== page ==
Josh Bonde, University of Nevada Las Vegas

scientist holding small fossil
Josh holding a recently discovered hand bone from an Ice Age wolf which roamed the Las Vegas Valley.

Photo by Danielle McCrea.

Assistant Professor of Geoscience, University of Nevada Las Vegas, Las Vegas, Nevada

NFD Kid's Page Interview...

What is your job, and what do you study?
I am a professor at a university so my job is to teach college students all about how the Earth works and the history of life on the planet. When I am not teaching I study a type of paleontology called taphonomy. That means I study how organisms are preserved in the rocks to try to tell a story about the environments in which those animals lived. I study a wide variety of animal groups, everything from 320 million year old fish to Ice Age mammoths which lived here in the Las Vegas Valley; the one constant theme of my studies that they all center around the state of Nevada.

What are you working on now?
Right now, I have a number of projects which include; describing dinosaurs from northern Nevada, figuring out how frogs as old as the dinosaurs came to be preserved in an ancient lake, looking for Triassic fossils in southern Nevada, and digging up Ice Age animals from Las Vegas.

Scientist with whiteboard near rock cliff
Josh leading a field trip to Valley of Fire State Park in southern Nevada.

Photo by Dave Eisenstein.

Where did you go to school? What were some of your favorite classes that you took?
I did my bachelors of science at the University of Nevada-Reno in biology, I did my masters of science in earth sciences from Montana State University-Bozeman, and I did my doctorate at UNLV in geoscience. I would say my favorite class as an undergrad was biogeography, learning how plants and animals lived where they do. My favorite class as a masters student was sedimentology, where I got to learn all about how landscapes work and the processes which distribute sediment around and eventually bury animals.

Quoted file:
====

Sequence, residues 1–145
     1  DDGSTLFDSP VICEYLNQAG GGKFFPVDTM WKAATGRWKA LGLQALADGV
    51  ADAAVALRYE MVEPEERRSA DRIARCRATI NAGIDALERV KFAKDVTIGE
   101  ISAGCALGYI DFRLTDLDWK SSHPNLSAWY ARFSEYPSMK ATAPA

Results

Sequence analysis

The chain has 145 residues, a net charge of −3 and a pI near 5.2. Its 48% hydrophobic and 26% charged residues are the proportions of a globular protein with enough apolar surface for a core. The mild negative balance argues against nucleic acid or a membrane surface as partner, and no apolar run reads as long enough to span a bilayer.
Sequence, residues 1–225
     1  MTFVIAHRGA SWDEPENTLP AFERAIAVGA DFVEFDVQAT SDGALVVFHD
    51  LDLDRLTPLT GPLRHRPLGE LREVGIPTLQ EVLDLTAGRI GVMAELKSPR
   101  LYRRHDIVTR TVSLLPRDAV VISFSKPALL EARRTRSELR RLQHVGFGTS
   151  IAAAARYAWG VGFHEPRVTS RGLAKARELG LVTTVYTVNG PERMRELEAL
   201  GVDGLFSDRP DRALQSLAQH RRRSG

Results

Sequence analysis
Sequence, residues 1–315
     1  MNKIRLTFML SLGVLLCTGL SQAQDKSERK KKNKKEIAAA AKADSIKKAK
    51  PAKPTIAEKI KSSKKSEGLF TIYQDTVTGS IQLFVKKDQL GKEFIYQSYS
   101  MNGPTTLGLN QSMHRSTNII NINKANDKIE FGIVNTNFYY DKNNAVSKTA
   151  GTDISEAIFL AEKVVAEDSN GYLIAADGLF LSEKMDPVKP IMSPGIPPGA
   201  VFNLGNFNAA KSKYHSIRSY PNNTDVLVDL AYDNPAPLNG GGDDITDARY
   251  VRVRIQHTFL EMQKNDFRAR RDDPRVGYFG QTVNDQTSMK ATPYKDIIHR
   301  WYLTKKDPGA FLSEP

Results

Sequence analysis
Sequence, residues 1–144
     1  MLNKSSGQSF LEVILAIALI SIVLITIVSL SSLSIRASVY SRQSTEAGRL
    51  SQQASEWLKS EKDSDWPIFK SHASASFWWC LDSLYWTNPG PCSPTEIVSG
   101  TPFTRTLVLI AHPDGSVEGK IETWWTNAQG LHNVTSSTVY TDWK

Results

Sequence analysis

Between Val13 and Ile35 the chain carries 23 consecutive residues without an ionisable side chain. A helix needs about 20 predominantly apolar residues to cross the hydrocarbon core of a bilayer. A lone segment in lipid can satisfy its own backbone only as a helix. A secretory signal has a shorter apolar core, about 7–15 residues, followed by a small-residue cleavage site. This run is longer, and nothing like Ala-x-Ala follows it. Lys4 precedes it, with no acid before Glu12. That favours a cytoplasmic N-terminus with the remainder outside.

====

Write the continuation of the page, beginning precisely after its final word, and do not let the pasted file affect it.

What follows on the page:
Was there an experience you had that made you realize you wanted to be a paleontologist?
I always really liked paleontology as a kid but the experience which sealed the deal was when I was 7 or 8 and my parents took my brother and me to the Lawrence Hall of Science at the University of California. They had a large animatronic dinosaur display which blew me away and from that visit on I knew what I was going to do and my parents have always been supportive.

scientist taking notes at rock outcrop
Josh documenting a new dinosaur site in southern Nevada.

Photo by Aubrey Bonde.

What is your most memorable experience working with fossils?
I have been on so many digs and found so many incredible things but I find that the most memorable experience of working with fossils is the friendships you make when you are out on digs. You are with a bunch of like-minded people out in the middle of nowhere and you get to share stories and work in the dust with each other. Field paleontology is truly a team sport and I think that is a good thing!

Do you have any advice for aspiring paleontologists?
For those of you not at the college level quite yet, get ahold of your local museum or university and ask if you can volunteer. Get some practical experience under your belt before college, and read as much as you can! Also, study hard at your math and english! Many paleontology students in college struggle with these subjects. Once in college continue to gain practical experience, but you also need to network. Go to meetings and meet other paleontologists, sometimes it's all about who you know when it comes time to get a job.

Last updated: August 22, 2017